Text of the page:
Supermoon live streaming, photos: November full Supermoon 2016 rises tonight (11/13/2016)
Published 6:10 pm Sunday, November 13, 2016
Tonight (11/13/2016) and Monday night (11/13/2016) is the biggest full Supermoon we have seen in the world since 1948, so you don’t want to miss it.
Good news if you have cloud skies are get caught inside, you can watch the full Supermoon tonight 2016 live stream online . (Click on the video below to watch it live here. Bookmark this page and come tonight at 7 p.m. central when it begins.)
Yes, tonight’s November Supermoon 2016, is 30 percent brighter and 14 percent bigger than any moon we have had in almost 70 years and it won’t be this big and close to earth again until the year 2034.
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The November full moon is also called by some a Beaver Moon or a Frost Moon, so this year’s would be a Super Beaver Moon or a Super Frost Moon 2016. Beginning at 7 p.m. tonight (Sunday) and Monday night, watch the moon rise via live stream here.
From NASA: “The moon is a familiar sight in our sky, brightening dark nights and reminding us of space exploration, past and present. But the upcoming supermoon — on Monday, Nov. 14 — will be especially “super” because it’s the closest full moon to Earth since 1948. We won’t see another supermoon like this until 2034.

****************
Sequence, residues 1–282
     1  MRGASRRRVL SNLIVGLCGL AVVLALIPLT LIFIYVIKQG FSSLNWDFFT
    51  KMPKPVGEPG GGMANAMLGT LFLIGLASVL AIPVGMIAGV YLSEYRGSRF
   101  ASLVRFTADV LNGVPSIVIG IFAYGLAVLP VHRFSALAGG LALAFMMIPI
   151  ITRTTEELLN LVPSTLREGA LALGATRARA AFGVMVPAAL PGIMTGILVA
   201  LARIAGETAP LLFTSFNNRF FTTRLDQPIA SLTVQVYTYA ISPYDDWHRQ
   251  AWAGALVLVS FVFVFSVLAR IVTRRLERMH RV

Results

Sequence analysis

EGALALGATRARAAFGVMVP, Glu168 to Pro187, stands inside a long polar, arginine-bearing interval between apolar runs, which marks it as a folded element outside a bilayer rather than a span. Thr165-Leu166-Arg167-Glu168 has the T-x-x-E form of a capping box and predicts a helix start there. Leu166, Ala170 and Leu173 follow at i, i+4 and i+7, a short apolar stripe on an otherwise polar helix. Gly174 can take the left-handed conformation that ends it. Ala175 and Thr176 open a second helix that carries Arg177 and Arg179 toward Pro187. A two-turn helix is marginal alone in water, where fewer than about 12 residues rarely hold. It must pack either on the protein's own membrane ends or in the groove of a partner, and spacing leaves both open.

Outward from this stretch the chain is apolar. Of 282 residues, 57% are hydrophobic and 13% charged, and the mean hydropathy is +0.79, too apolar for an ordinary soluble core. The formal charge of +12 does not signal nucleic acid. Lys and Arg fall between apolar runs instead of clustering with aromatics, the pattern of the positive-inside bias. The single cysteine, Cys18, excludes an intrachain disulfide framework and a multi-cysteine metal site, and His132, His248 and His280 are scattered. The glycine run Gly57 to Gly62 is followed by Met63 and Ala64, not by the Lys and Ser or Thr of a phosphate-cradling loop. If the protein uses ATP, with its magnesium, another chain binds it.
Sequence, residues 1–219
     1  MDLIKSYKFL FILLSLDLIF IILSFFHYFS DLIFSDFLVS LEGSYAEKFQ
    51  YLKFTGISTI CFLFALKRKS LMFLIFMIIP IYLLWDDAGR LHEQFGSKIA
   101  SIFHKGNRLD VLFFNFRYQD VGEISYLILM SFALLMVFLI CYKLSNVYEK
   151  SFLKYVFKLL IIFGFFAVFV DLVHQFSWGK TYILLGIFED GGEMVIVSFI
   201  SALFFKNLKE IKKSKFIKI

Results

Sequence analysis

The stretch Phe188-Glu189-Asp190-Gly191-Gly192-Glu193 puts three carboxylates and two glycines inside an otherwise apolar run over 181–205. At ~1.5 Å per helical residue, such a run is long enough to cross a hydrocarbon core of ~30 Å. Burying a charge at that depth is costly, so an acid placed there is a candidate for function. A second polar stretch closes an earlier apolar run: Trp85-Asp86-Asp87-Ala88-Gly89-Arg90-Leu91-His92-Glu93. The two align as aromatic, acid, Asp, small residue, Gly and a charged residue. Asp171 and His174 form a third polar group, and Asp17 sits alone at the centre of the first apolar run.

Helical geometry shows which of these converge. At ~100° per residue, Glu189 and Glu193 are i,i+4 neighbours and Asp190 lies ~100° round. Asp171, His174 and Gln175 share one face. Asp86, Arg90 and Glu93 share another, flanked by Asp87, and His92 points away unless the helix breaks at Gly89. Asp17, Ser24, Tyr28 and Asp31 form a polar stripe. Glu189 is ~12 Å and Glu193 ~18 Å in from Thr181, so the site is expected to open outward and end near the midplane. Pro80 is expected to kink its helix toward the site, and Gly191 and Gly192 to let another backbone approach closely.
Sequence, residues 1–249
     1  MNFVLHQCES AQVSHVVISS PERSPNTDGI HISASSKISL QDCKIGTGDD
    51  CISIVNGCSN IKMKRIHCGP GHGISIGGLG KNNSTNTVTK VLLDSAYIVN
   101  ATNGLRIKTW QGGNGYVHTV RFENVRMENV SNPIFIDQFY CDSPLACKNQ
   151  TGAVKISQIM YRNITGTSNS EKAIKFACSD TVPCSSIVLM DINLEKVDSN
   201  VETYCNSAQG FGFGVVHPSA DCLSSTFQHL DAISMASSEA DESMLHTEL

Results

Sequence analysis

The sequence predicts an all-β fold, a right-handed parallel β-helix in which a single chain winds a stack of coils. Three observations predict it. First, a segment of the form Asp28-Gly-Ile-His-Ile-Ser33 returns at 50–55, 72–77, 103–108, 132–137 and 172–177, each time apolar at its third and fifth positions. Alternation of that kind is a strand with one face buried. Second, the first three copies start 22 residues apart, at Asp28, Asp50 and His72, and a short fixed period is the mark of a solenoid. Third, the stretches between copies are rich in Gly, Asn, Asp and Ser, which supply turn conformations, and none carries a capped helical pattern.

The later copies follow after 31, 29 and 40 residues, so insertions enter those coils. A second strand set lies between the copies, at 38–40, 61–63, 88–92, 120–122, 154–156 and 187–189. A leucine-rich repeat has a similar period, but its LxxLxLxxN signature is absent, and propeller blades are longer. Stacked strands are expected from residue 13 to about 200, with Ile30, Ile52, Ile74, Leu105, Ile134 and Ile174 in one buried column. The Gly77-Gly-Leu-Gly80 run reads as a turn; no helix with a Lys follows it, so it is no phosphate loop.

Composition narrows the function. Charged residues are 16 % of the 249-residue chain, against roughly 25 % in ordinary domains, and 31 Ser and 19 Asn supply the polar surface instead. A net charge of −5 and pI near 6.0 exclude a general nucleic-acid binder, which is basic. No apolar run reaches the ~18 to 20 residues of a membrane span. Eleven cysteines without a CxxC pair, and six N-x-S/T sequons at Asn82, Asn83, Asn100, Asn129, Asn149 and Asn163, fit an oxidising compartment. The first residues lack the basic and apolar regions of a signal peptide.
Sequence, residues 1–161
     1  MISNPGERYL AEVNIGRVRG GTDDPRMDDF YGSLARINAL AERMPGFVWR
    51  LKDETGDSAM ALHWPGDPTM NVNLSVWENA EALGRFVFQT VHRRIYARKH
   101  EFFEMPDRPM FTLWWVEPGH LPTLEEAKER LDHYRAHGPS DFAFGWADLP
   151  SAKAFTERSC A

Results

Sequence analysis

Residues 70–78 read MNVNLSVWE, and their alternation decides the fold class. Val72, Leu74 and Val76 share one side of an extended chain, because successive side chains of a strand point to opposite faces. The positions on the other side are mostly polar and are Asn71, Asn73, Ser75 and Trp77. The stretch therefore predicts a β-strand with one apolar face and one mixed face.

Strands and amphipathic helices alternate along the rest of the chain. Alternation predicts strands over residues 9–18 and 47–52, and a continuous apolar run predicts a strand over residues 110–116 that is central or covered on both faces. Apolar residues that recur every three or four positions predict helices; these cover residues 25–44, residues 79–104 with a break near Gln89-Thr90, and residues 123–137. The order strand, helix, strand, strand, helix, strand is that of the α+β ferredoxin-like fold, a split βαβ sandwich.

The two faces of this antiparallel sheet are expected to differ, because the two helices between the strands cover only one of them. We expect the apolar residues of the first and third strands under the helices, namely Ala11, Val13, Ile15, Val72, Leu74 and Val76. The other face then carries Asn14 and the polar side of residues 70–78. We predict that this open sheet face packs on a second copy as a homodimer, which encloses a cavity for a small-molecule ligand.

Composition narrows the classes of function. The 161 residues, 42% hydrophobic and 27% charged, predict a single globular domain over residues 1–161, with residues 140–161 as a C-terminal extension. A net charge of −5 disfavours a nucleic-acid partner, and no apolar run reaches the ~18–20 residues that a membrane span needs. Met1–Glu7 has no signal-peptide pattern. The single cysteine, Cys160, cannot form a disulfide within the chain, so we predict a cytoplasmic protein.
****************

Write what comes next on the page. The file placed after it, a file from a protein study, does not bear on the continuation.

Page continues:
“The moon’s orbit around Earth is slightly elliptical so sometimes it is closer and sometimes it’s farther away. When the moon is full as it makes its closest pass to Earth it is known as a supermoon. At perigree — the point at which the moon is closest to Earth — the moon can be as much as 14 percent closer to Earth than at apogee, when the moon is farthest from our planet. The full moon appears that much larger in diameter and because it is larger shines 30 percent more moonlight onto the Earth.
“The biggest and brightest moon for observers in the United States will be on Monday morning just before dawn. On Monday, Nov. 14, the moon is at perigee at 6:22 a.m. EST and “opposite” the sun for the full moon at 8:52 a.m. EST (after moonset for most of the US).
“If you’re not an early riser, no worries. ‘I’ve been telling people to go out at night on either Sunday or Monday night to see the supermoon,’ said Noah Petro, deputy project scientist for NASA’s Lunar Reconnaissance Orbiter (LRO) mission. ‘The difference in distance from one night to the next will be very subtle, so if it’s cloudy on Sunday, go out on Monday. Any time after sunset should be fine. Since the moon is full, it’ll rise at nearly the same time as sunset, so I’d suggest that you head outside after sunset, or once it’s dark and the moon is a bit higher in the sky. You don’t have to stay up all night to see it, unless you really want to!’ “